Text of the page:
Deal the cards one at a time, face down, clockwise. In a four-player game, each is dealt 13 cards; in a three-player game, the 2 of diamonds should be removed, and each player gets 17 cards; in a five-player game, the 2 of diamonds and 2 of clubs should be removed so that each player will get 10 cards.
The player holding the 2 of clubs after the pass makes the opening lead. If the 2 has been removed for the three handed game, then the 3 of clubs is led.
Each player must follow suit if possible. If a player is void of the suit led, a card of any other suit may be discarded. However, if a player has no clubs when the first trick is led, a heart or the queen of spades cannot be discarded. The highest card of the suit led wins a trick and the winner of that trick leads next. There is no trump suit.
The winner of the trick collects it and places it face down. Hearts may not be led until a heart or the queen of spades has been discarded. The queen does not have to be discarded at the first opportunity.
The queen can be led at any time.
Rank of Suits
The spade suit is always trump.
Rank of Cards
A (high), K, Q, J, 10, 9, 8, 7, 6, 5, 4, 3, 2.
Object of the Game
To win at least the number of tricks bid.
The first dealer is chosen by a draw for high card, and thereafter the turn to deal proceeds clockwise. The entire deck is dealt one at a time, face down, beginning on the dealer’s left. The players then pick up their cards and arrange them by suits.
Each player decides how many tricks they will be able to take. The player to the dealer’s left starts the bidding and, in turn, each player states how many tricks they expect to win. There is only one round of bidding, and the minimum bid is One. Every player must make a bid; no player may pass. No suit is named in the bid, for as the name of the game implies, spades are always trump.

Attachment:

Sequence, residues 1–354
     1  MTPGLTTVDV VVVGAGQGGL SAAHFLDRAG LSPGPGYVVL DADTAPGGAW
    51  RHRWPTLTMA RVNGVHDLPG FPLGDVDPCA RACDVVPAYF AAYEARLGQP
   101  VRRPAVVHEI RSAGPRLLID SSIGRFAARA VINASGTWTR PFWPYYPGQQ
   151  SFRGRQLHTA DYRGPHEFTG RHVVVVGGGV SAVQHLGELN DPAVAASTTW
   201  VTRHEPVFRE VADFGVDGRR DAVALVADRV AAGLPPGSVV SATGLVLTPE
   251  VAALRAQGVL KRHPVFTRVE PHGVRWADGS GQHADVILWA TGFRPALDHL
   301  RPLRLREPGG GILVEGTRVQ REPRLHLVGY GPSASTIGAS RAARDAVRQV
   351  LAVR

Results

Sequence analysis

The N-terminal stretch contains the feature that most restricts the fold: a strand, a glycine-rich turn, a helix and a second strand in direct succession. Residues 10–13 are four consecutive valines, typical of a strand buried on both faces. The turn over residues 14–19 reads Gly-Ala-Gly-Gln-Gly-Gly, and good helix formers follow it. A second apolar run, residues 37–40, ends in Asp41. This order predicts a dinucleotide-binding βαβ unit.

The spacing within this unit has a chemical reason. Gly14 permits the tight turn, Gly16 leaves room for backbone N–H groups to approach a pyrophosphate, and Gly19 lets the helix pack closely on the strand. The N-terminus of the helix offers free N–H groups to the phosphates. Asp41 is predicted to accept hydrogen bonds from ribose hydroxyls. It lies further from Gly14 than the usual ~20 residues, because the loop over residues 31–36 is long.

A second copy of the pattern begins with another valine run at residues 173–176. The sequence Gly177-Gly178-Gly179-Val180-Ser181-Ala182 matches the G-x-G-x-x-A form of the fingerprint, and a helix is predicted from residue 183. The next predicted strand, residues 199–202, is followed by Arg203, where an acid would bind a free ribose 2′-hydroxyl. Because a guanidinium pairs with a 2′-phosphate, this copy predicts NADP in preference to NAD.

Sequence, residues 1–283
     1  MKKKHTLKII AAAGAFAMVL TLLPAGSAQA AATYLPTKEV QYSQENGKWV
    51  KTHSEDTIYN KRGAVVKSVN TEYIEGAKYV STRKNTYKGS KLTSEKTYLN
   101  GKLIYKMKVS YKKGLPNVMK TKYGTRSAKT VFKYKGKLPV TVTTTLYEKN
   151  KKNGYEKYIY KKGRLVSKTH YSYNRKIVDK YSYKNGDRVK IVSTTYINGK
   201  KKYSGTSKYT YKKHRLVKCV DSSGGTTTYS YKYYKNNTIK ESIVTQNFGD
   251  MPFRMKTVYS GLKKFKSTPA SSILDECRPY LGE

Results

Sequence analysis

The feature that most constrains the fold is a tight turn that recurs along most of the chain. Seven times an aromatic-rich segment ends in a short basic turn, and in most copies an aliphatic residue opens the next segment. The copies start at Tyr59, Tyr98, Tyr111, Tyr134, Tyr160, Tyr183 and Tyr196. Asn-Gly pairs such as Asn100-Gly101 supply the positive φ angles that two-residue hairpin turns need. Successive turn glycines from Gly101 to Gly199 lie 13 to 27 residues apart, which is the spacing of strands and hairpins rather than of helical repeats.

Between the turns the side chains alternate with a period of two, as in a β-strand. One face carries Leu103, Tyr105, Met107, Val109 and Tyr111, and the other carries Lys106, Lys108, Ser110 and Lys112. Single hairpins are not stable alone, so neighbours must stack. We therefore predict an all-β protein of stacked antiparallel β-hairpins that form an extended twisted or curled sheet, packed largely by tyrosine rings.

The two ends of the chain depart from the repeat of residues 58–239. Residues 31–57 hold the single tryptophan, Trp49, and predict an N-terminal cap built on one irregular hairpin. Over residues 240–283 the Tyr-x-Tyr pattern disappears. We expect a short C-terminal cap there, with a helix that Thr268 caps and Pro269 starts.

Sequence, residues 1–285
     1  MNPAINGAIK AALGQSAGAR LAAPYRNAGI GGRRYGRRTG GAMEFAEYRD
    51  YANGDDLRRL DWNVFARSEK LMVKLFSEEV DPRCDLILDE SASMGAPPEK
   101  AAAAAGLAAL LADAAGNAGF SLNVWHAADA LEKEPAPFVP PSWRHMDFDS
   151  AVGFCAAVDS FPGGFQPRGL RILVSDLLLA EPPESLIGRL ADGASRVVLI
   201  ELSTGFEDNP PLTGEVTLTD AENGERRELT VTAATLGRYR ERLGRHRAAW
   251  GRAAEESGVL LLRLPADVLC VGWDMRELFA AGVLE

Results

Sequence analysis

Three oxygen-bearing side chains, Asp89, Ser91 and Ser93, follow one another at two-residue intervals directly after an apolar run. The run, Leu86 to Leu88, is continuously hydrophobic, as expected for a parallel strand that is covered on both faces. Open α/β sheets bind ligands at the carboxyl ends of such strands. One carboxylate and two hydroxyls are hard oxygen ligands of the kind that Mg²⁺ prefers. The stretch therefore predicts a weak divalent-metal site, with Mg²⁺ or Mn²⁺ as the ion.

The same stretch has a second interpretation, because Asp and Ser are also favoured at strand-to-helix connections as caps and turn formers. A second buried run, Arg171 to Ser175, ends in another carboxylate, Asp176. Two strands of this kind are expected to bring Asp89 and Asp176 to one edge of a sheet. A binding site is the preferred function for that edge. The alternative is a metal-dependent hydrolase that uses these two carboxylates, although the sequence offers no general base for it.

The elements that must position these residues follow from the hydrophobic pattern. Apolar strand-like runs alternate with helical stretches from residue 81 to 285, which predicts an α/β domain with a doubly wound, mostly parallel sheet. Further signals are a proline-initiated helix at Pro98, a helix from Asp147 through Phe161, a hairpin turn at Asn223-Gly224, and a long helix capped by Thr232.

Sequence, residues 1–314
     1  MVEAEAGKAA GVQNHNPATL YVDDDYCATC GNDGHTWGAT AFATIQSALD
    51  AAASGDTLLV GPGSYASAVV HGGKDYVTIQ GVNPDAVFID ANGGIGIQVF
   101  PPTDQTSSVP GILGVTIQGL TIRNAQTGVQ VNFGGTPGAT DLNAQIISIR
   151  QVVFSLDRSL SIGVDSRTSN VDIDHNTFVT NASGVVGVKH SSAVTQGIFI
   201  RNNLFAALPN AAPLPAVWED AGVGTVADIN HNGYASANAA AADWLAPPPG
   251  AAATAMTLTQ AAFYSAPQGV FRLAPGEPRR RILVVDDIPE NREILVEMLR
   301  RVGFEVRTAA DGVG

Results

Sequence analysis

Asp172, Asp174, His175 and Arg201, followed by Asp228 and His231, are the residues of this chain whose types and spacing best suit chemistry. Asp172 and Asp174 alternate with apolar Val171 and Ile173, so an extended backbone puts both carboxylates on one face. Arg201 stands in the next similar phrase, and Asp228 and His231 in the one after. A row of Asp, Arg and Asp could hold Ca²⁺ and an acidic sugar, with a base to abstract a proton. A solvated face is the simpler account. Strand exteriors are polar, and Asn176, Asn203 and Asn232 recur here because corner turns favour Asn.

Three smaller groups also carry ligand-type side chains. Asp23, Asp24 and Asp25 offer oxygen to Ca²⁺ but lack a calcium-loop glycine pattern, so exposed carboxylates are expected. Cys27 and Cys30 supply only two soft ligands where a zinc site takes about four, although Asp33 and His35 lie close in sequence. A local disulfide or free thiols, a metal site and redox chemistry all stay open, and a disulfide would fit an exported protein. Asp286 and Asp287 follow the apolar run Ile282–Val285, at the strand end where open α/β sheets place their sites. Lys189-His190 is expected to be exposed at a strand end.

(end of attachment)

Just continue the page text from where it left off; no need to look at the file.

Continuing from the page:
The game is scored by hands, and the winner must make a certain number of points, which is decided before the game begins. Five hundred points is common, but 200 points is suitable for a short game. The player on the dealer’s left makes the opening lead, and players must follow suit, if possible. If a player cannot follow suit, they may play a trump or discard. The trick is won by the player who plays the highest trump or if no trump was played, the player who played the highest card in the suit led. The player who wins the trick leads next. Play continues until none of the players have any cards left. Each hand is worth 13 tricks. Spades cannot be led unless played previously or player to lead has nothing but Spades in his hand.
How to Keep Score
For making the contract (the number of tricks bid), the player scores 10 points for each trick bid, plus 1 point for each overtrick.
For example, if the player’s bid is Seven and they make seven tricks, the score would be 70. If the bid was Five and the player won eight tricks, the score would be 53 points: 50 points for the bid, and 3 points for the three overtricks. In some games, overtricks are called “bags” and a deduction of 100 points is made every time a player accumulates 10 bags. Thus, the object is always to fulfill the bid exactly.
If the player “breaks contract,” that is, if they take fewer than the number of tricks bid, the score is 0. For example, if a player bids Four and wins only three tricks, no points are awarded.